What will NASA try to grow? The containers will attempt to grow turnip, basil and Arabidopsis The latter is used often in plant research; Simon Gilroy, University of Wisconsin-Madison botany professor, has referred to the Arabidopsis as “the lab rat of plant biology.” Will the life forms survive the lunar surface? NASA’s plan is to find some answers when this “self-contained habitat,” which will have a mass of about 1 kg and would be a payload on a commercial lunar lander, is on the , How it gets there is another interesting side of the story, because NASA is taking advantage of a parallel event to save costs significantly.

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May 9, 2016

DOE opens funding opportunity for biofuels, bioproducts, biopower

Posted by in categories: climatology, economics, food, security, sustainability

Recognizing the importance of biofuels to energy and climate security, the U.S. Department of Energy has announced up to $90 million in project funding focused on designing, constructing and operating integrated biorefinery facilities. The production of biofuels from sustainable, non-food, domestic biomass resources is an important strategy to meet the Administration’s goals to reduce carbon emissions and our dependence on imported oil.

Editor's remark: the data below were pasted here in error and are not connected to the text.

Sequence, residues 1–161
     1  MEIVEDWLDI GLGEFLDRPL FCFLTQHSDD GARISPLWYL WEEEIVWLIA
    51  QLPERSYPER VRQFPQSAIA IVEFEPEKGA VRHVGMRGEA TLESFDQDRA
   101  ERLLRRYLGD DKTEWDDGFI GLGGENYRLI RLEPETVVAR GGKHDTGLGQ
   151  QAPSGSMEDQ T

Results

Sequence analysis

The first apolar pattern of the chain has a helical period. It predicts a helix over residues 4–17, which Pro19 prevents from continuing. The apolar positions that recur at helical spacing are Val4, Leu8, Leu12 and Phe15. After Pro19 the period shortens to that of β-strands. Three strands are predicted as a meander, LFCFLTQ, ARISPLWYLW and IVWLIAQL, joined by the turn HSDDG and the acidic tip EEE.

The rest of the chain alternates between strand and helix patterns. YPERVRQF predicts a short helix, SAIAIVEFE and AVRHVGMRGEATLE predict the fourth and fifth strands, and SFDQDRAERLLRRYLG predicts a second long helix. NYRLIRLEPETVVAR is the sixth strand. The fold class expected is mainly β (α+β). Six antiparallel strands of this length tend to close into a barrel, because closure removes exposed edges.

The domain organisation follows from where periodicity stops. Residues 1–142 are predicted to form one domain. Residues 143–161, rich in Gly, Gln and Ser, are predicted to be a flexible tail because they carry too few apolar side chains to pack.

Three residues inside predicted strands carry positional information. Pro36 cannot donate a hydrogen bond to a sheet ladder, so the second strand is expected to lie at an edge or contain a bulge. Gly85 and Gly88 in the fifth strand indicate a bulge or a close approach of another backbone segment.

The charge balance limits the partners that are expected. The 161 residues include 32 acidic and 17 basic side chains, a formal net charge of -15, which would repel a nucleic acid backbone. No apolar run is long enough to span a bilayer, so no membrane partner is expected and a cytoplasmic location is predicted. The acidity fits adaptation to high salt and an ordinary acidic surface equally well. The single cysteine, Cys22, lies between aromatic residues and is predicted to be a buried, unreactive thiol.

Project Development for Pilot and Demonstration Scale Manufacturing of Biofuels, Bioproducts, and Biopower is a funding opportunity meant to assist in the construction of bioenergy infrastructure to integrate cutting-edge pretreatment, process, and convergence technologies. Biorefineries are modeled after petroleum refineries, but use domestic biomass sources instead of crude oil, or other fossil fuels to produce biofuels, bioproducts, and biopower. They convert biomass feedstocks—the plant and algal materials used to derive fuels like ethanol, butanol, biodiesel and other hydrocarbon fuels—to another form of fuel or energy product. This funding will support efforts to improve and demonstrate processes that break down complex biomass feedstocks and convert them to gasoline, diesel and jet fuel, as well as plastics and chemicals.

“The domestic bio-industry could play an important part in the growing clean energy economy and in reducing American dependence on imported oil,” said Lynn Orr, DOE’s under secretary for science and energy. “This funding opportunity will support companies that are working to advance current technologies and help them overcome existing challenges in bioenergy so the industry can meet its full potential.”

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May 9, 2016

Imagine Discovering That Your Teaching Assistant Really Is a Robot

Posted by in categories: climatology, computing, robotics/AI

I wonder if this would qualify as a turing test.


Lalith Polepeddi, a (human) teaching assistant and researcher on the Jill Watson project at the Georgia Institute of Technology.

Photo:
Lalith Polepeddi.